Buying a House as a Single Woman: What You Need To Know

Nearly 1 in 5 U.S. homebuyers are single women

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How to buy a home as a single woman

The Balance / Julie Bang

It may seem hard to believe that in the early 1970s, a single woman wasn't allowed to get a mortgage in her own name. Fast-forward to today, where nearly 1 in 5 new homebuyers is a woman purchasing on her own, and you can see how much times have changed.

Learn more about the trend of buying a house as a single woman, along with tips on how to navigate the process solo.

Key Takeaways

  • Nearly 20% of new homebuyers are single women, compared to 9% who are single men.
  • Many single-women buyers are looking for stability and to provide a home for children and elderly family members.
  • Single-women homebuyers often have to overcome the gender pay gap on the road to homeownership.
  • Gender-based discrimination is not common in homebuying (and it’s illegal), although single-women homebuyers may still face subtler types of sexism during the process.

What’s Motivating Single Women Homebuyers?

“Women have decided ‘I don’t have to be married to have a stable place to call my own’ and have the dream of home ownership come true,” said Dr. Jessica Lautz, vice president of demographics and behavioral insights at the National Association of Realtors, in a phone call with The Balance. And after a brief decline in the mid 2010s, she said, the percentage of single women homebuyers is on the rise again.

The top reason why? Lautz said it’s most likely that women are seeking the stability of fixed monthly payments. “They know what their mortgage will be for the next 30 years as opposed to knowing that their rent can increase anytime,” said Lautz.

That was the key motivator for Alissa Jean Schafer, a single mom living in South Florida. “With only one income to support the household, I realized that if I was going to continue to be able to afford to live here in a decent neighborhood with good public schools for my daughter, getting a fixed mortgage was going to be the only way I could do it with any peace of mind and stability,” Schafer told The Balance via email.


Consider that the median monthly rent in the U.S. went over $2,000 for the first time in May 2022, according to Redfin. Counter that with The Balance’s analysis of the cost of homeownership, which found an average monthly cost of $1,634, and you can see why it can make more financial sense to buy than to rent—if that option is available to you.

“I knew that locking in a mortgage would at least remove us from the rent rollercoaster and give me a bit of my power back when it comes to monthly expenses—something that was and is important to my ability to plan and provide for my daughter,” said Schafer.

Digging Into the Trend of Single Women Homebuyers

In general, fewer people are getting married or cohabitating. Approximately 4 in 10 adults ages 25 to 54 (38%) were unpartnered, according to a Pew Research Center analysis of Census data. But single men aren’t jumping on the solo homebuying trend nearly as frequently as women are; single men represent 9% of homebuyers compared to 19% of single women.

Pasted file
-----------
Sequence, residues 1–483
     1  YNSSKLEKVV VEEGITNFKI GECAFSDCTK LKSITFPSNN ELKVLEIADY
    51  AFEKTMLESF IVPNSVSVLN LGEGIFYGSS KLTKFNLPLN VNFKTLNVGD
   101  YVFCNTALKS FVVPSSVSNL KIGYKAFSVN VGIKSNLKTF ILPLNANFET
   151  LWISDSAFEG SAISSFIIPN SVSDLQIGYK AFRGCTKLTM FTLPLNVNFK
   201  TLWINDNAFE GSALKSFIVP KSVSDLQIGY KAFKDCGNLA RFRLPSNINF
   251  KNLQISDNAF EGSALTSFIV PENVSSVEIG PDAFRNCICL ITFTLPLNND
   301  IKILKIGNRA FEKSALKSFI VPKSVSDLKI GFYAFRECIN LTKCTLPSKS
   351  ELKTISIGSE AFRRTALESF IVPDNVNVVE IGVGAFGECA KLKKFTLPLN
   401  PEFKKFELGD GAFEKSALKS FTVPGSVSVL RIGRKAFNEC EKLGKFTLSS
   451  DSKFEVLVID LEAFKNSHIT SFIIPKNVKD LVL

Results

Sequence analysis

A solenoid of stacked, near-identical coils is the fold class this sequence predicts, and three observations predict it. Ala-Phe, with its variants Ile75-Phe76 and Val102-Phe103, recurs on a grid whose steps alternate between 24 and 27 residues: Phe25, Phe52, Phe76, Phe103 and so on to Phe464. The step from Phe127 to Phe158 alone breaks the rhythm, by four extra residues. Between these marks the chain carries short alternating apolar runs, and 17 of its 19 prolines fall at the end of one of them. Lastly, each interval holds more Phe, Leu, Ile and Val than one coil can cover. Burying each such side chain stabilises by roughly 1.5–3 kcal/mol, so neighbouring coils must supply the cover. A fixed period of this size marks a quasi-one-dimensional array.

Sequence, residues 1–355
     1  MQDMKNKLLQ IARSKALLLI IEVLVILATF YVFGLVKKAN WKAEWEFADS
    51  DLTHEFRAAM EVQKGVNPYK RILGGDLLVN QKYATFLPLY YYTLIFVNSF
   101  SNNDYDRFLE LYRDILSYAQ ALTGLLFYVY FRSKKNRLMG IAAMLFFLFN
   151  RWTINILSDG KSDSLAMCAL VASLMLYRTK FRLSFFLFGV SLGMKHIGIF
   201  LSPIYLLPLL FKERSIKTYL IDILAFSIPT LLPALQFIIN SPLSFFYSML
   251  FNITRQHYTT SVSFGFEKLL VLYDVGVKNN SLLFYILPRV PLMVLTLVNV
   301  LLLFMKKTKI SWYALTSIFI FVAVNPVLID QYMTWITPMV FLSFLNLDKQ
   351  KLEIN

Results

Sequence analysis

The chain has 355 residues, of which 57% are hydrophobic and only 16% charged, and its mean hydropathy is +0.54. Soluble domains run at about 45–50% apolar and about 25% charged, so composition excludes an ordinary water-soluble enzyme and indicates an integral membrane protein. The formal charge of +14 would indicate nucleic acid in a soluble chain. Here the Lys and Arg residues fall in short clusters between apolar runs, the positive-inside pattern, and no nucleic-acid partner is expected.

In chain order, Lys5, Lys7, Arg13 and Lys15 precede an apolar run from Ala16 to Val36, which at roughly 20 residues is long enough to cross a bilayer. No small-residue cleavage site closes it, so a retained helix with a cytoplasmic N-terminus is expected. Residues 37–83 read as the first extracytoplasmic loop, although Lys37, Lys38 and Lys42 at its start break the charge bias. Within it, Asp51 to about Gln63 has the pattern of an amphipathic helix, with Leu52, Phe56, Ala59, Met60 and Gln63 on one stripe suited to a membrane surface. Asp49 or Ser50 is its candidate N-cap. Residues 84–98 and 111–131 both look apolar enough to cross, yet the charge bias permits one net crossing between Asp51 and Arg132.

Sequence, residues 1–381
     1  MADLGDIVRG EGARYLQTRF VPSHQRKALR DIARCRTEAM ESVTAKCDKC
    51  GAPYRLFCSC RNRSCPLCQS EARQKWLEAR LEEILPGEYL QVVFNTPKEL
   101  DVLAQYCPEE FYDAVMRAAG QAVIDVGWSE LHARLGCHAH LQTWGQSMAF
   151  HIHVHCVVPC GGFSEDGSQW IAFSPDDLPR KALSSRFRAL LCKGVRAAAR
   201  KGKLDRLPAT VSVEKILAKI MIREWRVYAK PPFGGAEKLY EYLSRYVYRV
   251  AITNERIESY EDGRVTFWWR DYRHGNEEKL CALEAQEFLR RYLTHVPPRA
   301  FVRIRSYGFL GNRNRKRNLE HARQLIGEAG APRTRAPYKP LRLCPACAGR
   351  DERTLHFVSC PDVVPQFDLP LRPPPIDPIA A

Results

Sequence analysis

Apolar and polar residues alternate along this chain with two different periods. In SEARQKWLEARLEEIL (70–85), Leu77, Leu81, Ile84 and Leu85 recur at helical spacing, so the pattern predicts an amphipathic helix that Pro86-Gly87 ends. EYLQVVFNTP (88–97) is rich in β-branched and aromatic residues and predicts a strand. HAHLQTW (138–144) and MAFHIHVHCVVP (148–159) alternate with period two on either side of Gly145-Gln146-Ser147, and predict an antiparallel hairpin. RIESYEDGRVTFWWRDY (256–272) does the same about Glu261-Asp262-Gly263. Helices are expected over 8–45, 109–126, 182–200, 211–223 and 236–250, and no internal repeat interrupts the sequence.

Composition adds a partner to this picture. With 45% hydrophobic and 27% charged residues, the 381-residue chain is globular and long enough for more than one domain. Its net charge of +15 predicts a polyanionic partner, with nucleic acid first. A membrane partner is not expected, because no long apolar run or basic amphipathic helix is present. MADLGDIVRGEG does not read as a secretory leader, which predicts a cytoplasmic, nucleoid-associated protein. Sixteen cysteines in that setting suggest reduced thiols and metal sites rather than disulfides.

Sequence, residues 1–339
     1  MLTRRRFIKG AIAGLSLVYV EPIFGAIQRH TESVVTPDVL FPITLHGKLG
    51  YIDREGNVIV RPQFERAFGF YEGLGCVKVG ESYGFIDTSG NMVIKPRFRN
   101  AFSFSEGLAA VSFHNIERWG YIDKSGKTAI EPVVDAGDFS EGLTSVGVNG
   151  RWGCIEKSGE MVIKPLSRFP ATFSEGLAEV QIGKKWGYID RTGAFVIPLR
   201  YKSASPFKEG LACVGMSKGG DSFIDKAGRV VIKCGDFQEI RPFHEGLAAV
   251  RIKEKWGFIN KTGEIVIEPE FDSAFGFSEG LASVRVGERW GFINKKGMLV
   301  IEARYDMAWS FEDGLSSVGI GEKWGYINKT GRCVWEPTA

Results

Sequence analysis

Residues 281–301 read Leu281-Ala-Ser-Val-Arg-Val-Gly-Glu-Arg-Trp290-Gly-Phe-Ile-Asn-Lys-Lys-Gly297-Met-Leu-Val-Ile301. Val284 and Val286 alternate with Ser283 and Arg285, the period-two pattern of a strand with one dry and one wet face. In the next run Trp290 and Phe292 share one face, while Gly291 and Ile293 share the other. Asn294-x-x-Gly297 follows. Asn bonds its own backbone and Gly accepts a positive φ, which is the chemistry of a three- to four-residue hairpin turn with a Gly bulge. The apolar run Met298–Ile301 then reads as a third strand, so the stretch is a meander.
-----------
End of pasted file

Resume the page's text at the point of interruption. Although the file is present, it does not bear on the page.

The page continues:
Lautz said the likely underlying factor is that women are more likely to be caregivers to children under age 18 and also to elderly parents. “Those with additional dependents in tow may need a more stable place to live,” Lautz explained. NAR data shows that 20% of single women buyers have children under the age of 18, while 12% purchased a multigenerational home to care for aging parents or to accommodate children over the age of 18.

Tips for Buying a House as a Single Woman

If you’re a single woman in the market for a home, you’re in good company. “My single female buyers come to me with a good sense of what they want, much more educated on where they want to live, and even what they can afford even before they reach out to me,” said Sara Linton, a Chicago-based broker at Baird & Warner, in a phone call with The Balance.

That said, there are a few things to keep in mind as you decide if now is the right time to buy a home.

Do Your Research

Whether you’re buying a house as a single woman or as part of a couple, you’ll have to meet homebuyer qualifications. These include showing that your debt-to-income ratio meets lender standards, and that you have stable income as well as ample cash reserves. Once you are confident that you can meet mortgage requirements, you’ll need to work the numbers to figure out how much home you can afford. Getting a mortgage preapproval letter is also a good starting point when you’re ready to start home shopping.

Know Your Rights

Gone are the days when lenders, sellers, or other industry pros could get away with holding women to a higher standard than men—or discriminate against them in any way. The Fair Housing Act makes it “illegal to discriminate in the sale or rental of housing, including against individuals seeking a mortgage or housing assistance, or in other housing-related activities… because of race, color, national origin, religion, sex (including gender identity and sexual orientation), familial status, and disability.”